It might be good to bring the pastoral staff in on this conversation in order to shift the perspective and hopefully hone in the issue.
Best of luck to you. I have been in similar circumstances, and it's not easy!
on October 14, 2010 6:26am
Much good advise has been given above ... all of it valid and it covers most of the understanding of why we intersperse full choral singing with the occasional solo.  Also, how dull the great choral repertoire would be without solo singers ... no Narrator or Jesus solos in the Passions of Bach?  Don't think so!  Contrast is one of the essential elements of music, and this juxtaposition of choir/soloist is a valid means of achieving that ... and most succefful if you look at all the popular literature.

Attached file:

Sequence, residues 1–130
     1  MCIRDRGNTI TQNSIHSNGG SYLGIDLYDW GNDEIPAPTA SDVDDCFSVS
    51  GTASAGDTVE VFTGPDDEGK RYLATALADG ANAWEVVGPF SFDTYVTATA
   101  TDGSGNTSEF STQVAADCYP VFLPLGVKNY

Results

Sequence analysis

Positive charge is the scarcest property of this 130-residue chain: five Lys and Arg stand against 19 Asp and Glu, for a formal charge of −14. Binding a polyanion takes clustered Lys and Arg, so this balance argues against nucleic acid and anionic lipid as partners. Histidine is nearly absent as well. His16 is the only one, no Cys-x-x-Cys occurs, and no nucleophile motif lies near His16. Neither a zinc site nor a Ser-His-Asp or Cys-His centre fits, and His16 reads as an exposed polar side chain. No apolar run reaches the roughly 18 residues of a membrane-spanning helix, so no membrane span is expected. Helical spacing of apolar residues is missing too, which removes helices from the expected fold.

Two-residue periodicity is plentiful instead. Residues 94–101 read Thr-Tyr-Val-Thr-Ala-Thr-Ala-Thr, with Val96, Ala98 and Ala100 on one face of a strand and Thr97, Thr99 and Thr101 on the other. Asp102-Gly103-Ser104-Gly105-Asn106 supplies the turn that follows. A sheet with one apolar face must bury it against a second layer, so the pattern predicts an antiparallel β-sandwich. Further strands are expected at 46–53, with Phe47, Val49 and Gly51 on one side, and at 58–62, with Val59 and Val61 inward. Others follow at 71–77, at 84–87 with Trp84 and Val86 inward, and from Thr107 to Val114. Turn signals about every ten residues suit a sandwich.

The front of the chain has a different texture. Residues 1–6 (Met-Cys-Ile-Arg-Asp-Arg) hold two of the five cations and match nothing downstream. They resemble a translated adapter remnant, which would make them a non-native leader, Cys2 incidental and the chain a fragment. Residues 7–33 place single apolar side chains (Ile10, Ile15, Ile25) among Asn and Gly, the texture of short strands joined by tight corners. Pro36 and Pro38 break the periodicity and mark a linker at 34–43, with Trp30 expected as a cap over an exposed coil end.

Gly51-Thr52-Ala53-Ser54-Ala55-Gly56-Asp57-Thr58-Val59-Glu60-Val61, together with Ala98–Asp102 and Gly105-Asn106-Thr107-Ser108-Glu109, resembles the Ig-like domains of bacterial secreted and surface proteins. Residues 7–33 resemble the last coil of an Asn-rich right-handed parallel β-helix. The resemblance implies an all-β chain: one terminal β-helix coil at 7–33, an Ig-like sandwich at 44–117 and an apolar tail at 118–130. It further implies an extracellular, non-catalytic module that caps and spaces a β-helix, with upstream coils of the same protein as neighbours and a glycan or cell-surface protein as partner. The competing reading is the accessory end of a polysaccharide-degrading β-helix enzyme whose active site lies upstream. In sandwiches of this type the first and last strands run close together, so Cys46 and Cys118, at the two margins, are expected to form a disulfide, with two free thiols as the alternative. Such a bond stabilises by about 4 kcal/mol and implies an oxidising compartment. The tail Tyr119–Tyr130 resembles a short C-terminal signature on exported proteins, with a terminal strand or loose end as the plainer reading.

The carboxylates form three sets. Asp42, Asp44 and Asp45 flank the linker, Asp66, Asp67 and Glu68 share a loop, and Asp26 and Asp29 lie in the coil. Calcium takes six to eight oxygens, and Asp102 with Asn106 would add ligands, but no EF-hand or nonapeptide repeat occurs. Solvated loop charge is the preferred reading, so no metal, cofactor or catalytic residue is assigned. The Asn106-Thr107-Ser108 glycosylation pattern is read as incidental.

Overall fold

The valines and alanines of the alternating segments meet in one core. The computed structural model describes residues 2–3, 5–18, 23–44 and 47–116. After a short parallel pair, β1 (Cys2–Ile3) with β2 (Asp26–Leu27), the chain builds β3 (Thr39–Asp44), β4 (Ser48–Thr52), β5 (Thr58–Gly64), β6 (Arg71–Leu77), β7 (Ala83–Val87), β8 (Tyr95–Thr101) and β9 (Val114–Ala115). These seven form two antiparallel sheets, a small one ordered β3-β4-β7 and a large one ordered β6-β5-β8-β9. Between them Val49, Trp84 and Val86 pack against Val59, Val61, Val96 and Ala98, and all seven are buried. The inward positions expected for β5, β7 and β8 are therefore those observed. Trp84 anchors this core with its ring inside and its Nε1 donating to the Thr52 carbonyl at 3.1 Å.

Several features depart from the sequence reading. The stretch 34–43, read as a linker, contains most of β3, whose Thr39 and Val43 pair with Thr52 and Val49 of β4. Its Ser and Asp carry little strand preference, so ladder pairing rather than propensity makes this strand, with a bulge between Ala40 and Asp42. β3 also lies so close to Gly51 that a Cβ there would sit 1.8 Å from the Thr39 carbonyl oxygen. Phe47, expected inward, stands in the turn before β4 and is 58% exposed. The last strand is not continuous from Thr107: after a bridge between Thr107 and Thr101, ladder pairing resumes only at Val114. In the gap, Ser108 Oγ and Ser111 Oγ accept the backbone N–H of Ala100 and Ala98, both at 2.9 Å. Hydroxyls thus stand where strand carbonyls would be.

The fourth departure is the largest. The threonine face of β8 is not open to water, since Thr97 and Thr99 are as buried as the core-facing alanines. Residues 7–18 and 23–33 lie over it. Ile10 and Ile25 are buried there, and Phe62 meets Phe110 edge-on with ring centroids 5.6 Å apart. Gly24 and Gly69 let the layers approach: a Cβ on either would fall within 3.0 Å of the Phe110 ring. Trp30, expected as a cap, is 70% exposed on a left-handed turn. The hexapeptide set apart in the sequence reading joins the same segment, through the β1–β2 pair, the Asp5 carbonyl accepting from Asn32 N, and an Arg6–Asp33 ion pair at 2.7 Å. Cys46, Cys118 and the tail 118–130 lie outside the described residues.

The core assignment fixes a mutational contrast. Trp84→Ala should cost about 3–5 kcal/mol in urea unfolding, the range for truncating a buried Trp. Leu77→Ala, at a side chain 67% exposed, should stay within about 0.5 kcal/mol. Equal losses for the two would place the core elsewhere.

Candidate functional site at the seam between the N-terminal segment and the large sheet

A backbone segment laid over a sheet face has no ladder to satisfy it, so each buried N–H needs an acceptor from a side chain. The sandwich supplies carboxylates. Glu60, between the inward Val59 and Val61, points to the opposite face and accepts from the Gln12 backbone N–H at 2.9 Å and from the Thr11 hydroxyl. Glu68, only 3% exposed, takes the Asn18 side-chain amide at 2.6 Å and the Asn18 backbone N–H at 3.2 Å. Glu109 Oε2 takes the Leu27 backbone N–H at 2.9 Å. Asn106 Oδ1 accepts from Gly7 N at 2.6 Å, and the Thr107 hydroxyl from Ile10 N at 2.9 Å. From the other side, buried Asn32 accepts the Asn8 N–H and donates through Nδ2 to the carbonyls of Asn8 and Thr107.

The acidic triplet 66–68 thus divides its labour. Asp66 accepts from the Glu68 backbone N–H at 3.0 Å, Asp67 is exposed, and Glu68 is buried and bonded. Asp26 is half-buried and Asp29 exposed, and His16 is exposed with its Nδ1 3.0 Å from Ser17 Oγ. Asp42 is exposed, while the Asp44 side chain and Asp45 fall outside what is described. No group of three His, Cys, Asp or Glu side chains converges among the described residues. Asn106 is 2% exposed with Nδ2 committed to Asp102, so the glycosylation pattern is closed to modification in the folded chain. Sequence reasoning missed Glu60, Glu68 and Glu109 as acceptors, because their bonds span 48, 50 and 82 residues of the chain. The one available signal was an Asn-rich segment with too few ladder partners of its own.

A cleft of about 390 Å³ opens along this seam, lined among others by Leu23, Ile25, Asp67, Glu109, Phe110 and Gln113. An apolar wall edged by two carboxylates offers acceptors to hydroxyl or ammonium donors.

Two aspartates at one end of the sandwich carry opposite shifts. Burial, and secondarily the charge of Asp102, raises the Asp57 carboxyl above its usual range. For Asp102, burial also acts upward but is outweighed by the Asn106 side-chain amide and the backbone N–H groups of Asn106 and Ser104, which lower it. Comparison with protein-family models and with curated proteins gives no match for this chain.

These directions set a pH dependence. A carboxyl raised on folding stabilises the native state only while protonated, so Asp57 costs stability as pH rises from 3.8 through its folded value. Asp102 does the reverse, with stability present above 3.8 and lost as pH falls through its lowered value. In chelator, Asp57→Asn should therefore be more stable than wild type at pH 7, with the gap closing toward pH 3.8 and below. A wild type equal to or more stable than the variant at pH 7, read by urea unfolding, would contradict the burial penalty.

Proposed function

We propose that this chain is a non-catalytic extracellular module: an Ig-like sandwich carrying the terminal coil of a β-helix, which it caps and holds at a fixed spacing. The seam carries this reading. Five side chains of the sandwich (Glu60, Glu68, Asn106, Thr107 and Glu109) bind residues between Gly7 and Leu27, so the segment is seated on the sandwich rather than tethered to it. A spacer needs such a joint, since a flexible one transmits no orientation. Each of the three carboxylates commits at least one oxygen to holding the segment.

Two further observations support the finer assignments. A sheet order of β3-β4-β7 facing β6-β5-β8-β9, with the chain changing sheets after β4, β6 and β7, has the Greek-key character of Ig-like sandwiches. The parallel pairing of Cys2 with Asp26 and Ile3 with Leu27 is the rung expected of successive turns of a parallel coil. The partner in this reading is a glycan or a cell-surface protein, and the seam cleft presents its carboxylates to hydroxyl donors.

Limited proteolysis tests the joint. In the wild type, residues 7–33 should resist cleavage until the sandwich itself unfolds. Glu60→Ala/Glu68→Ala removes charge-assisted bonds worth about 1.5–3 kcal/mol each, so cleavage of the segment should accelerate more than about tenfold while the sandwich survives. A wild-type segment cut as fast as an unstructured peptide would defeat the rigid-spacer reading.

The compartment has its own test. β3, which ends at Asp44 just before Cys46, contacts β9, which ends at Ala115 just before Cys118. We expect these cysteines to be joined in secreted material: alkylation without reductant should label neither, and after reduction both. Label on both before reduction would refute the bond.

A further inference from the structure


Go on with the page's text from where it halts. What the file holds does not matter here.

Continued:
I agree with several of our colleagues ... this person either wants to pick a fight for some unknown reason, and this is the manifestation point of that unrest or she's just off the wall on this issue ... is not going to change ... and you are best left without her. 
At various times I have tried to accomodate singers who had some 'issue' or wanted to quit for some odd reason and did all I could to keep them on board.  In the end, they left anyway, and to my continuing surprise ... life went on without them and in several cases made way for someone new and much more able in the wake.  Don't mess with her.  Tell her to either decide to be part of the choir or not ... but, choir are benign dictatorships and you are the Kaiser!  I joke with my choir that I am the only person in the room who loves every piece of music we do, because I wouldn't pick one I didn't like.  It's the nature of the job ... just do it and let the chips fall where they may.  Best of luck, and I hope this is not your pastor's wife!
on October 14, 2010 8:27am
"I have a chorister who has told me REPEATEDLY that she hates when there are solos in our church choir music, even for special events like cantatas or concerts.  She says that isn't really choral music."